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Podiatrists as 'doctors' row

Discussion in 'United Kingdom' started by admin, Aug 20, 2004.

  1. admin

    admin Administrator Staff Member

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    Podiatrists as 'doctors' row

    [font=Arial, Helvetica, sans-serif]A group of podiatrists calling themselves 'physicians' has re-ignited the debate about whether non-medically qualified health professionals are misleading the public.

    On their website, Yorkshire Podiatry Services describe a range of foot problems with the claim that 'podiatric surgeons are the physicians most thoroughly trained' to manage them.

    Using the title 'physician' without GMC registration is illegal. A GMC spokesman said it had no power to act on people not on its register.

    Podiatrist Antony Wilkin- son, who is part of Yorkshire Podiatry Services, said the term 'physician' was an oversight and undertook to amend the website. But he insisted podiatric surgeons were best placed to manage foot problems. 'I carry out over 1,000 foot operations per year,' he said.

    Mr Angus Robertson, president of the British Orthopae- dic Trainees Association (BOTA), said: 'A clear deception is taking place.' He argued only orthopaedic surgeons should perform complex operations.

    Orthopaedic surgeons have objected for years to podiatrists describing themselves as 'consultant podiatric surgeons', arguing this could mislead patients.

    A recent survey of 350 members of the public by BOTA found 95 per cent thought consultant podiatric surgeons had attended medical school.

    The British Orthopaedic Association and the British Orthopaedic Foot Society say they think podiatrists should only operate in orthopaedic departments.

    From: http://www.hospitaldoctor.net/hd_news/hd_news_article.asp?ID=15402&Section=News

  2. davidh

    davidh Podiatry Arena Veteran


    Its a tricky one.
    Orthopaedic surgeons who have 1st-hand experience of podiatric surgeons are usually happy to work alongside, or refer foot cases into the domain of the podiatric surgeon.
    My personal experience (I'm not a surgeon) is that orthopods are very happy to have a podiatrist to refer their foot and knee cases onto. Most surgeons understand basic biomech theory, and don't dictate what I do with the patient.

    Unfortunately, in the UK we have very limited prescribing rights, so that, for example, we can't access antibiosis therapy directly. This is one of the factors which dictate that we can't be fully autonomous. One of the other problems we have is that (some) militant orthopaedic trainees are actively campaigning against autonomous podiatric surgery (as reported in the previous post). This is being done under the guise of "protecting the public", although the more cynical amongst us might think the motivation behind this type of campaign may be a little less altruistic?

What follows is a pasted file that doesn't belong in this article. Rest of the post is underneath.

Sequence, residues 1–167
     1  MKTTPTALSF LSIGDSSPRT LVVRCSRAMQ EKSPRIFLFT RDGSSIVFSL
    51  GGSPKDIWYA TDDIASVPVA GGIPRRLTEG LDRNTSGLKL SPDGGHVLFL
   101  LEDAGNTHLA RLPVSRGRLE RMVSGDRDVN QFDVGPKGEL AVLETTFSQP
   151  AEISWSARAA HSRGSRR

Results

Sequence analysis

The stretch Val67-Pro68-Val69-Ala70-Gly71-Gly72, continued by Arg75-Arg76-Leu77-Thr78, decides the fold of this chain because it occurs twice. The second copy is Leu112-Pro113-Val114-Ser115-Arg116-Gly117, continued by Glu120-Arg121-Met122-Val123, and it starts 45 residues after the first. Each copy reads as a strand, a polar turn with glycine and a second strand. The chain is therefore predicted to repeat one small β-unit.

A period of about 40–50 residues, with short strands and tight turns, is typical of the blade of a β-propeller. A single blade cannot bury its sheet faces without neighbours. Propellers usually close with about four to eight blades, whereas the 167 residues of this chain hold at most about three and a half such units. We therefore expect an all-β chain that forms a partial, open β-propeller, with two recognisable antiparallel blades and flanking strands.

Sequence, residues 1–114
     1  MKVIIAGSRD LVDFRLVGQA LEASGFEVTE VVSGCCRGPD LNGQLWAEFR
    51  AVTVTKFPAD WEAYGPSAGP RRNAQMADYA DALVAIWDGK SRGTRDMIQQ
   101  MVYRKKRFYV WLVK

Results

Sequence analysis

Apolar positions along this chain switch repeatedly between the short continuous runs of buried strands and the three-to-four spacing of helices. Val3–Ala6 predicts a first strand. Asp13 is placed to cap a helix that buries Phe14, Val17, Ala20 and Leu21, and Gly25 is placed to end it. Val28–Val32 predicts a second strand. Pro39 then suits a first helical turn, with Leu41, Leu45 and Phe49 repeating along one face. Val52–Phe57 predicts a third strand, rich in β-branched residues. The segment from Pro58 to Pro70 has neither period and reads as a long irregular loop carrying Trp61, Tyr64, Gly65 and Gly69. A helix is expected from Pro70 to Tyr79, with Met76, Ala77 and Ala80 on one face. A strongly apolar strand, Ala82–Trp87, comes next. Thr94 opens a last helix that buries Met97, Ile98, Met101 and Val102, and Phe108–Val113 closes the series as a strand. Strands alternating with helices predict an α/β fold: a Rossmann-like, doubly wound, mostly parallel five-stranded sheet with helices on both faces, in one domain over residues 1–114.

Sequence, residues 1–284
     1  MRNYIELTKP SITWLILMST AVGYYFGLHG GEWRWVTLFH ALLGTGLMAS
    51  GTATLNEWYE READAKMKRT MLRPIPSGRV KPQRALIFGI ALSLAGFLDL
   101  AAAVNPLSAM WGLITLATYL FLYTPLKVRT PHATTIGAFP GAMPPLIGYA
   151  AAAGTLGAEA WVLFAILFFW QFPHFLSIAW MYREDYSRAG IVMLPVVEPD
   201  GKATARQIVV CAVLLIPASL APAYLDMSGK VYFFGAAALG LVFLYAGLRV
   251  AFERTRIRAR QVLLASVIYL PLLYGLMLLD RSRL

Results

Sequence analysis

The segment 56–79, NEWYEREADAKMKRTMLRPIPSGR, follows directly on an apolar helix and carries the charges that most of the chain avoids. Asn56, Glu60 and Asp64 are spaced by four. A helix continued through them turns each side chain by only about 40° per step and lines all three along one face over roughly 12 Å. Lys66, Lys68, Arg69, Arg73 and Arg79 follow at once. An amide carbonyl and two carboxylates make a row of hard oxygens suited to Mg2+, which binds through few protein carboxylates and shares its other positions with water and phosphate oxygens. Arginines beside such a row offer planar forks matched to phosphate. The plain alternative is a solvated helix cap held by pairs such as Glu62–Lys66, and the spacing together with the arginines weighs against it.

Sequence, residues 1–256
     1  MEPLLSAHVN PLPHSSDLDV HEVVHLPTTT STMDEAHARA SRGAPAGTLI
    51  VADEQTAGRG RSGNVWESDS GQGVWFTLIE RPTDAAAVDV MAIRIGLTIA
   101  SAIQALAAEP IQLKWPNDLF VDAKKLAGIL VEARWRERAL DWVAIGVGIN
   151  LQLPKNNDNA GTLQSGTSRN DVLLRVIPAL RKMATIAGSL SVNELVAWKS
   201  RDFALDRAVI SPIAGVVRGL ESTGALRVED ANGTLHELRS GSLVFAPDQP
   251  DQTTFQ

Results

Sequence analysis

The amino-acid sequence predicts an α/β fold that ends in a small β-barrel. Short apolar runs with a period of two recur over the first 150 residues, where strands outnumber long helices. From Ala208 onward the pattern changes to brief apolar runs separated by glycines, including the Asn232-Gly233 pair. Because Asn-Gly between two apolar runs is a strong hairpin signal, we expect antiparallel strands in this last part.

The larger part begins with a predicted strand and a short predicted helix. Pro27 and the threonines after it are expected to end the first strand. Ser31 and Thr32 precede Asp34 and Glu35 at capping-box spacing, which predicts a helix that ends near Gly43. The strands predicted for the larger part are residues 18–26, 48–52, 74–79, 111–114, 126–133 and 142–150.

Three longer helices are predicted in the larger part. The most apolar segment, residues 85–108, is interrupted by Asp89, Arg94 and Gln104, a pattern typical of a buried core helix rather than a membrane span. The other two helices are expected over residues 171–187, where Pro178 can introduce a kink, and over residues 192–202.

David H
  3. footmedic

    footmedic Active Member

    We are Doctor

    Podiatrists are Doctor on there ownright, if Dentise are Doctor so are we.

    Somuz Miah
  4. davidh

    davidh Podiatry Arena Veteran

    I think I'm correct in stating that the term "doctor" is honorific, except in those cases where the doctorate is a PhD. Doctor in the medical sense reflects a status obtained from years of study, rather than one undergraduate degree.
    So, for example a USA-based DPM (who has a medical doctorate) has studied for much longer, and at greater depth, than a UK-based BSc (or BScHons) in pod med.
    In the UK dentists are now allowed to use the honorific term "doctor", but again, their depth and length of training is greater than that of a podiatrist.
    Those with more academic experience than myself may like to step in here?
  5. Dieter Fellner

    Dieter Fellner Well-Known Member



    The American DPM does not have a medical degree but is a Doctor of Podiatric Medicine. Big difference. Often I hear DPM's in the US bitterly complain they are not regarded as Doctors, either by the public or the MD's

    I would also argue your comment the DPM "has studied for much longer, and at greater depth". The DPM course run 4 years instead of the customary 3 years in the UK. I think it is fair to say the UK Podiatric Surgeon makes up for the extra year, and then some! For personal reasons I have studied the US curriculum in some depth, and I can tell you the UK surgical curriculum can easily match this.

    In the US, professionals first obtain their Batchelor's degree before embarking on professional DPM studies. US Education is delivered differently to the UK but if you put the pieces in a bag, shake it hard, pour it out and assemble it thoughtfully, the jigsaw puzzle reveals a pretty similar picture.

    In the US, the post-graduate surgical residence extending over 1-4 years is becoming more common, if not compulsory, but certainly a requirment for competitive work placement. Those who follow the US discussion forums will know there are problems with this.

    One of the greatest strengths the US system has over the UK is that it is simply illegal, a fellony , to practice Podiatry unless you have DPM registration. It is the activity that is protected, not the title. Ignore the rules and you can expect a visit from the cops. :eek: Not a token twenty quid fine or whatever other punitive measures the HPC measures out.